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Supreme Court of the United States

For Chief Cochran, His Faith Is More Important than His Dream Career

By Sarah Kramer posted on:
November 16, 2017

If you would have asked a young Kelvin Cochran what he wanted to be when he grew up, he would have said, “a firefighter.” Though the former Atlanta fire chief has realized his childhood dream by serving as a firefighter for over 30 years, he’s had his share of ups and downs.

Early in his career, Chief Cochran experienced racism in the fire department. He was given a designated bed and designated dishes in the firehouse so no one had to share with the “black firefighter.” But it was because of that hardship that he has been dedicated to promoting a work environment without any racism, sexism, cronyism, or any other “isms.”

And he did so successfully. In fact, there were no complaints of discrimination under Chief Cochran’s leadership in Atlanta. An investigation proved that.

Yet in 2015, he was fired by the City of Atlanta, simply because he wrote a men’s devotional in his personal time that mentioned his belief that sex is intended for marriage between one man and one woman. Alliance Defending Freedom is challenging Atlanta’s actions in court tomorrow.

Chief Cochran was fired for his faith, even though he has a record of excellence as a firefighter.

In 2009, President Barack Obama appointed Chief Cochran to fill the highest position a firefighter can reach in his career – the U.S. Fire Administrator. He served in that position until the Atlanta mayor begged him to come back and serve as the fire chief there in 2010.

But his childhood dream came to a halt in 2015.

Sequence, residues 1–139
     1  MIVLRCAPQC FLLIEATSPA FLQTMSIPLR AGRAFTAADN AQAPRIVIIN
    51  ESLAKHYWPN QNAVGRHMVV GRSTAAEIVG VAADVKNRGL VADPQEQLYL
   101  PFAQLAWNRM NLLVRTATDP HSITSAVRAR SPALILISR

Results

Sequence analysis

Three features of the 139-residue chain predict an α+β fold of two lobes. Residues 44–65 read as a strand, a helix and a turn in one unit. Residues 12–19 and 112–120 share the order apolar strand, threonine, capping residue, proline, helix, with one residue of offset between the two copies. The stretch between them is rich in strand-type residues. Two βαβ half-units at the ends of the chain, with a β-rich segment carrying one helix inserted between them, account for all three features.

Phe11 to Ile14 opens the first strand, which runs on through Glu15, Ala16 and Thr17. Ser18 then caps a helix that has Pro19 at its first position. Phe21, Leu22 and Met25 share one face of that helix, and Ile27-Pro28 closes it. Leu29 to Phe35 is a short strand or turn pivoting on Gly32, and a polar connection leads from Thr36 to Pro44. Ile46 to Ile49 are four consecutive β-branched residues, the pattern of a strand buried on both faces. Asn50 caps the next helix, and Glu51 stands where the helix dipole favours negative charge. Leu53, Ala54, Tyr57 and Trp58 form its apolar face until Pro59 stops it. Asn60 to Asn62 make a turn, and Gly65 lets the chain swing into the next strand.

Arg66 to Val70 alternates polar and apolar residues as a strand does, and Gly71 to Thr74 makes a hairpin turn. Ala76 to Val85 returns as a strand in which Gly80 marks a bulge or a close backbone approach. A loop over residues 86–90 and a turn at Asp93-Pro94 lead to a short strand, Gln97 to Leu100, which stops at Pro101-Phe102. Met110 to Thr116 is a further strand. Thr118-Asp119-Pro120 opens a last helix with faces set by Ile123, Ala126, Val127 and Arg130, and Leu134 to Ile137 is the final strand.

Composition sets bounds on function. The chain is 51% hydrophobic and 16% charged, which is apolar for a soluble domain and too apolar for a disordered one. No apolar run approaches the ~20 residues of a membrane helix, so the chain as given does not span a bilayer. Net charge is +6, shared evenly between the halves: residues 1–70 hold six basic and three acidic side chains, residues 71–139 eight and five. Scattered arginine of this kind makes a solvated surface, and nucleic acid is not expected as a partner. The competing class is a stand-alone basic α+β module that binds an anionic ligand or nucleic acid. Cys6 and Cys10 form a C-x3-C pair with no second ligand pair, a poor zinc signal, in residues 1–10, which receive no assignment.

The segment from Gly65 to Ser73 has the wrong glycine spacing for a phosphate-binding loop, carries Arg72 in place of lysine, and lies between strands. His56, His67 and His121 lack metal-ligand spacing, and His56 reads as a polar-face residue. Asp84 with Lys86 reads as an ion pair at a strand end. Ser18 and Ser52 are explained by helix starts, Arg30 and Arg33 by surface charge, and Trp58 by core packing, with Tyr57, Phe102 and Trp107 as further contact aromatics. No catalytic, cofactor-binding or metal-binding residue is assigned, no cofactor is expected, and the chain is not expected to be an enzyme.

Because Chief Cochran holds a belief about marriage that is unpopular with the Atlanta government, they made it clear that he was no longer welcome. They suspended him without pay for 30 days and ordered that he participate in “sensitivity training.” They launched an investigation into his conduct. And even though the investigation showed that he had never discriminated against anyone, he was fired at the end of the 30-day suspension.

If the government can punish a distinguished firefighter – a presidential appointee – for living consistently with his faith, what’s stopping them from punishing any one of us?

He could mourn over the loss of his career. He could retreat. Instead, he is standing for his rights and the rights of others who simply wish to live according to their faith without fearing government punishment.

To him, it’s a greater honor to serve God than to serve as fire chief.


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Sarah Kramer

Sarah Kramer

Digital Content Specialist

Sarah worked as an investigative reporter before joining the Alliance Defending Freedom team.

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